Question of the month October 2017 – What is the use of underscores in comparison?

In MySQL, Let us consider the following example

SELECT * FOM table
WHERE col like ‘_____’

What is the use of underscores here? How does it work?

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MySQL – Simple ways to know version number with @@version and version()

If you want to know the version number of MySQL server, there are two simple methods available.

You can use system variable @@VERSION as shown below

SELECT @@VERSION as mysql_version;

Other method is to use system function VERSION()

SELECT VERSION() as mysql_version

Both of them returns the following result

mysql_version
-----------------
5.6.35

Depends on the version of the server, you may get the different version number

Note : @@VERSION is already available in SQL Server database engine as a global variable to get the version information

MySQL – Concatenate column values for each group with GROUP_CONCAT function

As I said in my earlier posts, MySQL has some interesting features that make the things simpler. GROUP_CONCAT is one of such functions

This function concatenates values from several rows into a single row separated by the delimiter specified.

For example consider the following example with simple data set

create table customer_visits(customer_id int, place_name varchar(100));

insert into customer_visits (customer_id,place_name)
select 1,'Chennai' union all
select 1,'Denmark' union all
select 1,'USA' union all
select 2,'UK' union all
select 2,'Argentina'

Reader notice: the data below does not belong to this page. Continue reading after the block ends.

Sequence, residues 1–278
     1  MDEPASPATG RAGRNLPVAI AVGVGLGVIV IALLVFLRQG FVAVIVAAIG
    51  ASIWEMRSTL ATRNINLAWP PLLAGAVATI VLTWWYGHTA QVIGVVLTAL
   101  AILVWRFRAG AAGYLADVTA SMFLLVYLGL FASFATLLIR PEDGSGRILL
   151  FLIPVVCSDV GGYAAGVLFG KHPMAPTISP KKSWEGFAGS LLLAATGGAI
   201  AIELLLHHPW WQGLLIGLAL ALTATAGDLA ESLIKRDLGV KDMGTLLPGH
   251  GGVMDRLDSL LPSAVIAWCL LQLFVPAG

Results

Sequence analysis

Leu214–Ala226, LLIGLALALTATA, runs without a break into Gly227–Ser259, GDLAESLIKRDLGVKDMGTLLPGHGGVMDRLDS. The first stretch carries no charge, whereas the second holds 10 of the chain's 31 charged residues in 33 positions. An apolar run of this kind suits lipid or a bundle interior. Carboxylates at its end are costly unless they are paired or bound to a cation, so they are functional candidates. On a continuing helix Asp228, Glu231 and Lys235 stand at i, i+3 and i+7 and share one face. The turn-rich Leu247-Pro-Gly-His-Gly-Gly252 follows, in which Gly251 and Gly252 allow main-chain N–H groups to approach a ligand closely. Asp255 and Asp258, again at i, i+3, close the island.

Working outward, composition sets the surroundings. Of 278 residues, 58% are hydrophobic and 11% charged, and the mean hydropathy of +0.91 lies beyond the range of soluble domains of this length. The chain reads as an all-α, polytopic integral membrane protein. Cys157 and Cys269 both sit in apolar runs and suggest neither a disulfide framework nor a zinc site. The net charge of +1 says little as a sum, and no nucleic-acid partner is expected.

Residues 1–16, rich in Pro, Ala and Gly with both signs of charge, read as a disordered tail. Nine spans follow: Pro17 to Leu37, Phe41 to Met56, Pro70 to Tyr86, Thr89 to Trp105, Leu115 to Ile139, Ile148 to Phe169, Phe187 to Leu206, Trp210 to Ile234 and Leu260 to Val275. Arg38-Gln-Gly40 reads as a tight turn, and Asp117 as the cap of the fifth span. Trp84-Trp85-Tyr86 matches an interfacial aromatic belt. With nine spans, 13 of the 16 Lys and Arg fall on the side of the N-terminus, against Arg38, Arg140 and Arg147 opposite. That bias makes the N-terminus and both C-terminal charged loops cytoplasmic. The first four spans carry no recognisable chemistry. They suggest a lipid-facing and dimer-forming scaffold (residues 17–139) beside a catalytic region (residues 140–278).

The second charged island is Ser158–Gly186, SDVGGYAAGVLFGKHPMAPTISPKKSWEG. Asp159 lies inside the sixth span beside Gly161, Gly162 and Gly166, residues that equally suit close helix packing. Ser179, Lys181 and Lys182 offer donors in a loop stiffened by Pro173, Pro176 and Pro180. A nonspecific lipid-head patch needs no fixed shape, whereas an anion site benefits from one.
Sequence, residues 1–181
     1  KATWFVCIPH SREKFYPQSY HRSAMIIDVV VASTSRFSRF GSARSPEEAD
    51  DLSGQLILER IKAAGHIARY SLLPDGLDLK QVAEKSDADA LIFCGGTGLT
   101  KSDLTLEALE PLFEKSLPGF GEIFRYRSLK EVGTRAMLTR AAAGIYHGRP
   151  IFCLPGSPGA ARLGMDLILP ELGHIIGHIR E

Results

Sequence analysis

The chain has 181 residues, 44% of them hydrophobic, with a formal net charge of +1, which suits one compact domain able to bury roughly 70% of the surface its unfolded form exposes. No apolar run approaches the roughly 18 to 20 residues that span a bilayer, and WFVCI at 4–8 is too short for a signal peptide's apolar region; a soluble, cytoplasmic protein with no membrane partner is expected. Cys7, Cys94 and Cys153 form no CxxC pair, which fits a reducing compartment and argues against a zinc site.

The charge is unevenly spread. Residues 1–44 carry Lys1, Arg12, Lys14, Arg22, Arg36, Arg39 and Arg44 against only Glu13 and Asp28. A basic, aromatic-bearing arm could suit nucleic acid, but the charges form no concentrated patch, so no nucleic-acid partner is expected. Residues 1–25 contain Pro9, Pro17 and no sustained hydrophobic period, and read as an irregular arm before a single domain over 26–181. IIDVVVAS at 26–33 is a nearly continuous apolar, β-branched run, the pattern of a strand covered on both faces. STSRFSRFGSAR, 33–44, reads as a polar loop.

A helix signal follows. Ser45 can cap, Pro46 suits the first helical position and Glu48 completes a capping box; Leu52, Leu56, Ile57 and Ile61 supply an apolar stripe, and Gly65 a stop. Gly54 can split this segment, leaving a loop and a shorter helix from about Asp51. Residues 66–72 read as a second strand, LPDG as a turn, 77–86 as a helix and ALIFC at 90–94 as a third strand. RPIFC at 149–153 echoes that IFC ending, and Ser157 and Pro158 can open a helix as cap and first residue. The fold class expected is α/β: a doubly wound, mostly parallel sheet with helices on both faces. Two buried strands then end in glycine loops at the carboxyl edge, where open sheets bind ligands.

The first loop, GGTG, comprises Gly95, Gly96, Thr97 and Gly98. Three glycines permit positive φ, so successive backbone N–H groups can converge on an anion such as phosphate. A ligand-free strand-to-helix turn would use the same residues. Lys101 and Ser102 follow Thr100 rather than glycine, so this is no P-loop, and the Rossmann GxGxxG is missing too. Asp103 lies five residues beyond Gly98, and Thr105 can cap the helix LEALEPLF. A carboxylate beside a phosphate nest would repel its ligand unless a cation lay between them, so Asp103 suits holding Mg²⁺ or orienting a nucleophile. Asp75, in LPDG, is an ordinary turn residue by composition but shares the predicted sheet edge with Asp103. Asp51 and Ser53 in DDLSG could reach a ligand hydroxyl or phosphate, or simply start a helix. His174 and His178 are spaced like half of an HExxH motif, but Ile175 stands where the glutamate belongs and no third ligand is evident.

Now for each customer id, if you want to concatenate the visited places in a single string separated by comma, you can use the following code

select customer_id,
       GROUP_CONCAT(place_name) as visited_places
from
       customer_visits
group by
       customer_id

The result is

customer_id      visited_places
1                Chennai,Denmark,USA
2                UK,Argentina

Note that by default values are concatenated using comma. If you want to use different delimiter, say for example a semicolon (;), you can use SEPARATOR clause to do it as shown below.

select customer_id,
       GROUP_CONCAT(place_name SEPARATOR ';') as visited_places
from
       customer_visits
group by
      customer_id

The result is

customer_id      visited_places
1                Chennai;Denmark;USA
2                UK;Argentina

GROUP_CONCAT is really a quite handy function.

MySQL – UPSERT in a single statement

MySQL, an opensource RDBMS, has lot of interesting features. One of them is ON DUPLICATE KEY UPDATE statement. This statement adds a new row, if the unique or primary column is not available in the table, if available,UPDATE the row.

Consider the following dataset

create table test
(
       id int ,
       name varchar(100),
       status varchar(100)
);

CREATE unique INDEX id ON test (id);

Now add the following rows

insert into test(id,name,status)
values (1,'test1','') ;

insert into test(id,name,status)
values (2,'test2','') ;

If you select the rows

select * from test

It returns the following rows

id           name           status
1            test1
2            test2

When you try to add the following data

insert into test(id,name,status)
values (1,'test3','') ;

You get the following error

Duplicate entry ‘1’ for key ‘id’

Suppose if there exists a row for the id, you want update it, say status column with the value “duplicate” and not to add as new row. You can use ON DUPLICATE KEY UPDATE statement as shown below;

insert into test(id,name,status)
values (1,'test3','')
ON DUPLICATE KEY UPDATE status='duplicate';

If you select the rows

select * from test

It returns the following rows

id           name           status
1            test1         duplicate
2            test2

As you see new row is not added but status column of the row with id value 1 is updated with the value duplicate